“In the material world a dog is sometimes elevated and is sometimes on the street, but in the spiritual world, Krishna’s dog is perpetually, eternally happy. Shrila Bhaktivinoda Thakura has therefore sung: vaishnava thakura tomara kukura baliya janaha more. In this way Bhaktivinoda Thakura offers to become a Vaishnava’s dog. A dog always keeps himself at his master’s door and does not allow any person unfavorable to the master to enter. Similarly, one should engage in the service of a Vaishnava and try to please him in every respect.” (Shrila Prabhupada, Shrimad Bhagavatam, 4.29.30-31 Purport)
Friend1: Having dog problems again.
Friend2: You really love dogs on the inside, don’t you?
Friend1: I’ve never said I hated them.
Friend2: Come on, just admit it.
Friend1: I’m more interested in how they interact with others. More specifically, how the owners treat them.
Friend2: So what happened this time?
Friend1: I was staying with a friend for the weekend, and their stupid dog kept barking every morning.
Friend2: See, I knew you hated them!
Friend1: I’m talking about for an hour straight. It just kept barking. I think the gardener was coming over in the morning. The same gardener who comes every morning.
Friend2: The dog obviously knew who the person was, then. It’s not like they were barking because a stranger had come to the home.
Friend1: Exactly! This dog is more or less out of control. They keep it tied up the entire day. If they let it free for a second, it would run off.
Friend2: Yeah, some people just don’t take the time to train their dogs.
Friend1: I noticed something interesting.
Friend2: What’s that?
Friend1: It’s not with only this dog, either. What happens is that the dog goes wild and crazy, does all this bad stuff, and then the owner doesn’t mind at all.
Friend2: You’re thinking the owner should punish.
Friend1: At the very least say something harsh. Nope. They think it’s cute. They can’t look negatively on it.
Friend2: It’s a loyalty thing.
Friend1: What do you mean?
Friend2: The dog may have every bad quality there is, but at the very least it is loyal. In your situation it was barking at someone coming to the house. It kept barking, not letting up. That’s kind of nice if you think about it.
Friend1: I can’t relate; that’s why I’m bringing it up with you. I can’t imagine being that forgiving.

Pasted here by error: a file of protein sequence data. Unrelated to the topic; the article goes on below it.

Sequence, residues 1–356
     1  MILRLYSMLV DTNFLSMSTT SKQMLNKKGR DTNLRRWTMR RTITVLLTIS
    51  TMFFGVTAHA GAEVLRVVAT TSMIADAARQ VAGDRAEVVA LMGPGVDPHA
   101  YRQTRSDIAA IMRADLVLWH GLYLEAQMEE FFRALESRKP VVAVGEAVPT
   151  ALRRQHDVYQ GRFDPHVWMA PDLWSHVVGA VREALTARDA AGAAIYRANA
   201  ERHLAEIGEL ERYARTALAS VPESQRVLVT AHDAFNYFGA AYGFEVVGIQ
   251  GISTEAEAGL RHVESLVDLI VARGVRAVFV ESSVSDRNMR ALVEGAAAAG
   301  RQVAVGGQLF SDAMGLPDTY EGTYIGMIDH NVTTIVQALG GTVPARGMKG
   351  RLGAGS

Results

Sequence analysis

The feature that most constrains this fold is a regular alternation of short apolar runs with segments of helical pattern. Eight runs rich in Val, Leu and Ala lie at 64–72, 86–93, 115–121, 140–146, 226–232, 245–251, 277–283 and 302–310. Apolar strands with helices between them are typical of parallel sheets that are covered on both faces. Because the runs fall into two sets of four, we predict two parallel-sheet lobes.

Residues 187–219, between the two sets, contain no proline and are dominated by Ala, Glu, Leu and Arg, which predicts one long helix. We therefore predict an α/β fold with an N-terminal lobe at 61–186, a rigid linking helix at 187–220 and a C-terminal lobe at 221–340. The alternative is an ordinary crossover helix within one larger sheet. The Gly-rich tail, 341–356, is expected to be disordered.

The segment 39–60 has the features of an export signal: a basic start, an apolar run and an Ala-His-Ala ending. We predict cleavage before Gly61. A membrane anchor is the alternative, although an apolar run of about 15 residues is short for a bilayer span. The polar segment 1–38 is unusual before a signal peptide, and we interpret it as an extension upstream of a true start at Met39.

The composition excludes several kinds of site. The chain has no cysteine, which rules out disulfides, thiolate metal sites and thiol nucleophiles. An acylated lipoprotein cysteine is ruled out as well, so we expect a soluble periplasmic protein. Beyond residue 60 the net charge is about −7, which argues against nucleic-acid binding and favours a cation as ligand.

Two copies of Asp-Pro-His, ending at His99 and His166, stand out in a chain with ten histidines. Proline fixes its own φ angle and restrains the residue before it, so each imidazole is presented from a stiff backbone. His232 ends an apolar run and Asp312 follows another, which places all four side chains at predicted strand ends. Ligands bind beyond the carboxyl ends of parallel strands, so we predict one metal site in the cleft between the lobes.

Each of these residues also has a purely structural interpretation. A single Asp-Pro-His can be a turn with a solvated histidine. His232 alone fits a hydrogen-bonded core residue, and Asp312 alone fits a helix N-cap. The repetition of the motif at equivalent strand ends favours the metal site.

Friend2: Well, that’s because you’re a horrible person [smile].
Friend1: It got me to thinking. Isn’t there a line in a Bhaktivinoda Thakura song about becoming Krishna’s dog?
Friend2: It’s to become the dog of a Vaishnava. Vaishnava is a devotee of Vishnu or Krishna, so it’s basically the same thing.
Friend1: I don’t want to make an offensive joke here, but you know I can’t help thinking about uncontrolled barking and how Krishna would handle it.
Friend2: You shouldn’t be afraid to ask questions like that. Go with it. How do you think Krishna would react?
Friend1: I don’t know.
Friend2: Oh, sure you do. You know that one of Krishna’s names is Gopala, right?
Friend2: What does that name mean?
Friend1: One who protects the cows.
Friend2: Exactly. Which means He keeps cows as pets.
Friend1: Oh, right. But how bad can cows really be? They don’t bark all the time.
Friend2: You’re forgetting that Krishna tended to many cows. They would run off every now and then. Imagine trying to round up just two of your kids from a playground. You know how hard that is. There were so many cows in Vrindavana, and they would go in different directions.
Friend1: How would Krishna manage?
Friend2: He would start playing His flute. Then everybody would stop. They would pay attention and come back to Him.
Friend1: That’s pretty cool.
Friend2: Anyway, if you’re the dog of Krishna or a Vaishnava, you’re showing loyalty. Just as with the dog example you gave, the owner will forgive every offense. They won’t hold your bad qualities against you.
Friend1: I see.
Friend2: The dog is also a servant. The quickest way to make advancement in spiritual life is to serve someone who is faithfully engaged in service to the Supreme Lord. It’s better to serve the Vaishnava than to serve Krishna, since the Vaishnava is already so dear to the Lord.
Friend1: Makes sense. Are there people who want to be the master instead?
Friend2: Umm, yeah, of course. That’s the whole reason for the creation of the material world. You have a universe full of living entities looking to be masters.
Friend1: Why do some of them become dogs?
Friend2: There’s a chain, a pecking order if you will. The dog is a master over other living entities. Just because they serve the human being doesn’t mean they aren’t being served by others.
Friend1: That’s pretty nice of Krishna, I must say.
Friend2: He not only forgives offenses made in service, but He never forgets even a little service rendered. We forget so easily. If a friend messes up once, we don’t talk to them ever again. It’s not the case with the Supreme Lord. The Vaishnavas who always serve Him are even more dear to Him. The spiritual master is like the best guard for the Supreme Lord, always looking out for His interests. Service to the guru and those who serve the guru thus becomes the most rewarding work in life.
Like a dog the guru to live,
Loyalty in service to God to give.
Owner of dog seeing behavior bad,
Knowing love, never can get mad.
Understanding the loyalty of the pet,
So in compassion standing always set.
With Shri Krishna attitude the same,
So pleased with those chanting His name.